Other therapies include outpatient therapy and relapse prevention therapy. Outpatient Therapy implemented outside of a hospital or treatment center. Therapies range from psychological to physical therapies. Relapse Prevention Therapy (RPT) is a therapy that focuses on techniques designed to give the patient self-control as a means of abstaining from relapse.

An experiential therapy that has been found to be very effective for the treatment of ecstasy is yoga and meditation. When patients are able to focus and breathe, they learn to calm themselves down naturally. In addition to a calming effect, yoga and meditation allow patients to connect to their inner psyche and pinpoint certain triggers that may contribute to their addictive personalities.

After defining a therapy that works best for an individual’s unique situation it is recommended that a patient engages in addiction support groups that keeps them further away from relapse. Given that relapse rates are very high, it is also recommended that patients change into a healthier lifestyle. Because access to ecstasy and other drugs is facilitated in nightclubs and nocturnal life, ongoing attendance to parties and nightlife activities is not recommended as it can drastically increase the chance of relapse. According to the National Institute of Drug Abuse, ecstasy addiction relapse rates are 40-60 percent.

What most people do not know is that addiction may not be caused simply because of the prolonged use of the substance, it can also be caused by family history and other aspects of life which is why therapies are a great way for people to successfully recover from ecstasy addiction.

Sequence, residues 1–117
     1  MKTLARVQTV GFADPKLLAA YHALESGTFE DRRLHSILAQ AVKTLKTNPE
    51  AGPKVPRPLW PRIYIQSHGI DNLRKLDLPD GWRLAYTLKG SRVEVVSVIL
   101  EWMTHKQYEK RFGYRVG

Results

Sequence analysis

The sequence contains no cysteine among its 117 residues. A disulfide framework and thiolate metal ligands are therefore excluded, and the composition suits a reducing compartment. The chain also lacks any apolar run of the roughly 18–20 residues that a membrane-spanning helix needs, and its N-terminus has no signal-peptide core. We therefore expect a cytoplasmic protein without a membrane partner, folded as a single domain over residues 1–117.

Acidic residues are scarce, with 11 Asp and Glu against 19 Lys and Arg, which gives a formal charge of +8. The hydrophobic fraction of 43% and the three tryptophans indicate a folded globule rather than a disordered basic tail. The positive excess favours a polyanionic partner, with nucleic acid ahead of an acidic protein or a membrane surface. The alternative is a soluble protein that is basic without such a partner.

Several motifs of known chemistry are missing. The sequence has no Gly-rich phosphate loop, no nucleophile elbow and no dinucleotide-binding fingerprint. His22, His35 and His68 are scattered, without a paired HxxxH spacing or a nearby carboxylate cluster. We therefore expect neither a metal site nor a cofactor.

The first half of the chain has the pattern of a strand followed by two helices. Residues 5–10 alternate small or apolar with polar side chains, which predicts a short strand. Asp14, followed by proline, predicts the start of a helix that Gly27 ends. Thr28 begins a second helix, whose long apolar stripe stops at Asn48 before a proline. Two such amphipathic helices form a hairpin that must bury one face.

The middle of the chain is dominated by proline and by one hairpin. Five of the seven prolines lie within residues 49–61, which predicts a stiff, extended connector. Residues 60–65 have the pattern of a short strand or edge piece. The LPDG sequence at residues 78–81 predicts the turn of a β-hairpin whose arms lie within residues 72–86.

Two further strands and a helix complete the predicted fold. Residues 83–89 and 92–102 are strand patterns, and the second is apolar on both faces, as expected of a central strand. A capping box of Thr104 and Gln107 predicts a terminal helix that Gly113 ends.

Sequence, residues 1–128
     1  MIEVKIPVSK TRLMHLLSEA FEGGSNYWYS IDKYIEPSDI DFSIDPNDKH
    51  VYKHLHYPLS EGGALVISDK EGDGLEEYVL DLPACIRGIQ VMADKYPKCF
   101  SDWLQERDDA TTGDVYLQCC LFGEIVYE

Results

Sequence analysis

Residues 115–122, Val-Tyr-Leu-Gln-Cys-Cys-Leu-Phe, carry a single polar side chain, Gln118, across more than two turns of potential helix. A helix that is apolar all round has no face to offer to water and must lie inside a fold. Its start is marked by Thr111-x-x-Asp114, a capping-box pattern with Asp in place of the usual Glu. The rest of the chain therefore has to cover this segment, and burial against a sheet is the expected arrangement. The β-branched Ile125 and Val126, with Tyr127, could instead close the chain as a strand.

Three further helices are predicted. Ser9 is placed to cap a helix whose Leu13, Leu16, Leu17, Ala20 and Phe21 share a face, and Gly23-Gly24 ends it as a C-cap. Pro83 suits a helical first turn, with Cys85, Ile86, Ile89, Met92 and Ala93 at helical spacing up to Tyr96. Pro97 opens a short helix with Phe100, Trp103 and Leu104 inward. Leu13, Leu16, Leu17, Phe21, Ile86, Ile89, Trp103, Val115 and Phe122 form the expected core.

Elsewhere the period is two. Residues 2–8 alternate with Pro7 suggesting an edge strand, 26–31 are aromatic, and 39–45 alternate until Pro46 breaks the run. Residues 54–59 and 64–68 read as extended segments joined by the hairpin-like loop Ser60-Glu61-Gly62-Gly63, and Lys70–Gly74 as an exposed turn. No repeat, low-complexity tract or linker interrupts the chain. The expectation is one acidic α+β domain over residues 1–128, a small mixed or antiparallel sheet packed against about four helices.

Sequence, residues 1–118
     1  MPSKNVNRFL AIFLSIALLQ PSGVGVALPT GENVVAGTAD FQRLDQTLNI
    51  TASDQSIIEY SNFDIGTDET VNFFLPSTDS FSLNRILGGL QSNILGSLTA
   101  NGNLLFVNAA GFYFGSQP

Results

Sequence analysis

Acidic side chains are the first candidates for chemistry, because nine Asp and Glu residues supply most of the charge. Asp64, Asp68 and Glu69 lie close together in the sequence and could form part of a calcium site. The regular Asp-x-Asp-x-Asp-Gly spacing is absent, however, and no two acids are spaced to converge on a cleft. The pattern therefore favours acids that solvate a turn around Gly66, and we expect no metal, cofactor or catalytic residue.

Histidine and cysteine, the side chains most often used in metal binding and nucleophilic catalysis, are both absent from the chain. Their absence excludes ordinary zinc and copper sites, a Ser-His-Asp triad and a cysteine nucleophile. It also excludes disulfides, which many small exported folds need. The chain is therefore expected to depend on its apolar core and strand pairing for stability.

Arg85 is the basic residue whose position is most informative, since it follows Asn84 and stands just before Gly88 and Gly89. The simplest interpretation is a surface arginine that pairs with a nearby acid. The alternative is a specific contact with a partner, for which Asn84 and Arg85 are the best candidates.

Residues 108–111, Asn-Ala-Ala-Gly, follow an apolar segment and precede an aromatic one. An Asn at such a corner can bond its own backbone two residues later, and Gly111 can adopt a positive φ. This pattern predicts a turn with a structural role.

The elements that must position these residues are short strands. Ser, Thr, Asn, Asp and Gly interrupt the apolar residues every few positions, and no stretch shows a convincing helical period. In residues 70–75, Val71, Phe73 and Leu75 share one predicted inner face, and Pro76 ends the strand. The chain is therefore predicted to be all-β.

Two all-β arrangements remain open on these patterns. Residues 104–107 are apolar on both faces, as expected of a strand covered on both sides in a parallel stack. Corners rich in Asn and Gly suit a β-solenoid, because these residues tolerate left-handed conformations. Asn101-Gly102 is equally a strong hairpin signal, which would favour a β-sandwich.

The Road to Recovery through Ecstasy Detox

Ecstasy is a word utilized when describing an overpowering feeling of delight and joy throughout the body. As simple as it may seem, the word ecstasy is also used as the canonical label given to a probing, yet strong drug. When ingested, ecstasy generates a satisfying feeling that pushes many individuals, perhaps inadvertently, into pursuing the drug indefinitely. What many people disregard, however, is the fact that after inhering the drug constantly, it can turn into an addiction that will require proper detoxification from adequate treatment centers.

Despite having plenty of “street” names, ecstasy is commonly referred to as MDMA, which is an abbreviation of the main ingredient methylenedioxy-methamphetamine. Abusing the consumption of the drug can lead to potential hazards in health ranging from cardiovascular issues, psychological disorders, to temperament alterations. Luckily, when consumers reach the point of addiction, they should be aware that there are existing options of detoxing from ecstasy through medically professional staff and rehab centers.

Withdrawal Symptoms of Ecstasy

Ecstasy wears off in about 3 to 6 hours. When the effects of ecstasy wear off, users will feel confused and often have trouble distinguishing reality from fantasy. When an ecstasy consumer attempts to withdraw from ecstasy, they run the risk of suffering from uncomfortable symptoms. Typical ecstasy withdrawal symptoms comprise of:

  • Anxiety
  • Insomnia
  • Hallucinations
  • Delusions
  • Confusion
  • Panic attacks
  • Cravings
  • Difficulties with Cognitive Reasoning
  • Loss of Memory
  • Depression

Considering that ecstasy is a drug generally consumed together with different drugs, the symptoms vary widely from person to person. It is advised that a user seeks a professional medical facility when experiencing the initial symptoms so these can be properly observed. One of the key aspects of detox through the supervision of medical professionals is to make the progression as smooth as possible to largely reduce the possibility of immediate relapse.

During proper supervision during the withdrawal stage, any tolerance that an ecstasy consumer might have acquired lessens and therefore unleashes a risky scenario: if they ingest the drug again in the same fashion they used to, there is a high probability of overdosing which could inevitably cause death.